The positive temperature coefficient is produced by the thermal voltage $V_t$. Say we take the difference between two base-emitter junctions of BJTs: $$V_{be1} - V_{be2} = V_t \log \frac{I_{c1}}{I_{S1}} - V_t \log \frac{I_{c2}}{I_{S2}}$$ $$\Delta V_{be} = V_t \log \frac{I_{c1} I_{S2}}{I_{c2} I_{S1}}$$ Simple enough, $\Delta V_{be}$ gives us a voltage proportional to $V_t$, as well as some scaling of that voltage, if we like. But still... we want the voltage to be referenced to ground, so we have to elaborate a bit more.

Let us find the voltages across the two resistances $$V_{R1} = V_B - V_{be2} - (V_B - V_{be1}) = V_{be1} - V_{be2} = \Delta V_{be}$$ $$V_{R2} = R_2\cdot 2I_c = R_2 \cdot 2\frac{V_{R1}}{R_1} = 2\frac{R_2}{R_1}\Delta V_{be}$$ Voilá, $V_{R2}$ is proportional to $\Delta V_{be}$ and referenced to ground!! We can also replace the $V_{be}$'s as: $$V_{R2} = 2\frac{R_2}{R_1}V_t \log \frac{I_{c}I_{S2}}{I_c I_{S1}} = 2\frac{R_2}{R_1}V_t \log \frac{I_{S2}}{I_{S1}} = KV_t$$ Since $k$ and $q$ are constants, $V_t$ is only proportional to temperature, with temperature coefficient: $$\frac{\partial V_t}{\partial T} \approx +0.085mV/ºC$$ The thing is, the terms $I_S$ are proportional to the area of the transistor and very similar for nearby transistors (in terms of layout). Therefore, the following is pretty accurate: $$\frac{I_{S2}}{I_{S1}}\approx\frac{A_2}{A_1}$$ where $A$ represents the area of the transistor. Then: $$V_{R2}= 2\frac{R_2}{R_1}\log \frac{A_2}{A_1}V_t$$ Finally, it is curious that $V_B$ already is the sum of a voltage proportional to $V_t$ (PTC) and a $V_{be}$ (NTC): $$V_B = V_{R2} + V_{be1} =2\frac{R_2}{R_1}\log \frac{A_2}{A_1}V_t + V_{be1}$$ How $V_B$ is biased and how we implement the current sources are questions that will be answered next...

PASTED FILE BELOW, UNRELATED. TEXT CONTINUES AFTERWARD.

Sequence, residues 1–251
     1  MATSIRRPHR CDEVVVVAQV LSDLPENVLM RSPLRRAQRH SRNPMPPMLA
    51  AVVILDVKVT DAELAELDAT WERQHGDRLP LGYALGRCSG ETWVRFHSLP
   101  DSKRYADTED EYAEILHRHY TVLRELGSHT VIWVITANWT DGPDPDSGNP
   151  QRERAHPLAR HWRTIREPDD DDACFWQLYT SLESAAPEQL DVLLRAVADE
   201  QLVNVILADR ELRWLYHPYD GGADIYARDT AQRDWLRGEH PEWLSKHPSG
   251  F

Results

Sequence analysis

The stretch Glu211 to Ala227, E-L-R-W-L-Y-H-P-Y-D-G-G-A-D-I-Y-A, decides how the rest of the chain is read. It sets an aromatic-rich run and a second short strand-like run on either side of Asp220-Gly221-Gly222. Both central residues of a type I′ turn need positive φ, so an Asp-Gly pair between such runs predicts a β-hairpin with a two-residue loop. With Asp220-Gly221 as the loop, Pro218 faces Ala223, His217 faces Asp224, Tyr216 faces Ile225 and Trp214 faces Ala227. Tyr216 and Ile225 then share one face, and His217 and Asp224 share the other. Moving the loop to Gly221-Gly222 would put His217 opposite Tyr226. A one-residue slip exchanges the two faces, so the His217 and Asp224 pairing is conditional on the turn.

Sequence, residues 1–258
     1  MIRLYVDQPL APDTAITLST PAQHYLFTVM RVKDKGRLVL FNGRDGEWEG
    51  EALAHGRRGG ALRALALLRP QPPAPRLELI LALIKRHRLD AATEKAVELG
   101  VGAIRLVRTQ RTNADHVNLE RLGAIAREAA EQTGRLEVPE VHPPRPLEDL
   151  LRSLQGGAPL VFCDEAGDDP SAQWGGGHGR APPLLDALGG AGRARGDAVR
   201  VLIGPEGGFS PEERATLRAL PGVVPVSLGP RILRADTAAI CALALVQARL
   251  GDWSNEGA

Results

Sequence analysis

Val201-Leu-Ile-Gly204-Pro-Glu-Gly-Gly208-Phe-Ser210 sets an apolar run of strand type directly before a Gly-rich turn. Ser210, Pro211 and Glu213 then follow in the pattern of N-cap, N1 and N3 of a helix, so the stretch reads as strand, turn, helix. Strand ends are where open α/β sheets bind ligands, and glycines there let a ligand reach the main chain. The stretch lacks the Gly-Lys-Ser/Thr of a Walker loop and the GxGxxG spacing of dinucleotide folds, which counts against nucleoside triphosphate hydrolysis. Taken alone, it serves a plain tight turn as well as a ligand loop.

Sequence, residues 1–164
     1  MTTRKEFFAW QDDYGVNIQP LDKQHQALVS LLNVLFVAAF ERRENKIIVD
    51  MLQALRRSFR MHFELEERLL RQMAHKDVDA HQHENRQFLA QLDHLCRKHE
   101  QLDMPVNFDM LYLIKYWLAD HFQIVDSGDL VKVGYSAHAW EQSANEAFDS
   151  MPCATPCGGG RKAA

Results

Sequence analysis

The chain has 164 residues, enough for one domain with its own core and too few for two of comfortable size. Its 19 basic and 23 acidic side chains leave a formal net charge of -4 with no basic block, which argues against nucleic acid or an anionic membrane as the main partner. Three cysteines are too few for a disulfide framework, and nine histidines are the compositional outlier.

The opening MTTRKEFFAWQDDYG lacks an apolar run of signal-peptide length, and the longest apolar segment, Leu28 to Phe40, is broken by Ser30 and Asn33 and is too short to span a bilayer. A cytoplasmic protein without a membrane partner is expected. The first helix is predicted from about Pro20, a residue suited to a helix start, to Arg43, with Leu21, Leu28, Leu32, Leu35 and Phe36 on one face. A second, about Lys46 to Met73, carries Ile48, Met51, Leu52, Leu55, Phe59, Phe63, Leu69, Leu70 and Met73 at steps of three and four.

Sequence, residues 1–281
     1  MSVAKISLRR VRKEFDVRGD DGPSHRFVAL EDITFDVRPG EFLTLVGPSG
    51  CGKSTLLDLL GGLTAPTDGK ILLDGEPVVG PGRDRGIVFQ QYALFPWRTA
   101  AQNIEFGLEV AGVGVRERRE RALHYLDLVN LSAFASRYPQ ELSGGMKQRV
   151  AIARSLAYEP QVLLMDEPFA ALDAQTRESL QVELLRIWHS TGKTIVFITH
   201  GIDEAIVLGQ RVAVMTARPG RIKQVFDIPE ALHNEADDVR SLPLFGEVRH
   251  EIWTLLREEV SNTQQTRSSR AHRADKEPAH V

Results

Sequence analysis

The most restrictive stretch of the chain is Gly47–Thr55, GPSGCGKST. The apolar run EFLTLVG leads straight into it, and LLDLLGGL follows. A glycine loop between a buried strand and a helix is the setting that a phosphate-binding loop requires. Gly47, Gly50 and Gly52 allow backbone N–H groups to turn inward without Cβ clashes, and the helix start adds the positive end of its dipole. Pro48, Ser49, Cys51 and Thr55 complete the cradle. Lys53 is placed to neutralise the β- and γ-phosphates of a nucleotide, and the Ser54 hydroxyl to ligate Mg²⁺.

Summing the NTC and PTC voltages

So our main idea is to produce two voltages, one PTC and another NTC, which cancel each other in terms of temperature variations. The diagram would look something like this:

The sum of the two voltages would be: $$V_{be} + KV_t = V_{G0} - \frac{kT}{q} \log \frac{I_0}{I_c} + K\frac{kT}{q} = V_{G0} + \frac{kT}{q} \left( K - \log \frac{I_0}{I_c} \right)$$ As we have seen when creating the PTC voltage, $K$ will probably come from a ratio of resistances and/or areas of transistors, and with value $2/0.085\approx23.5$. Before moving on, note that after the temperature dependent terms cancel, the reference will stay at the bandgap $V_{G0}$. If you ever see a voltage reference with a value close to 1.2V, it comes from here! The next obvious question is: how do we implement this with real circuits?

There are several ways, but the main recipe is the following:

  1. Generate two currents to bias two different BJTs
  2. Create a branch involving two BJTs and one resistance (or equivalent resistance)
  3. Find a path that adds a PTC and a NTC voltages
  4. Tweak the sizes of the transistors and/or resistances to give the right $K$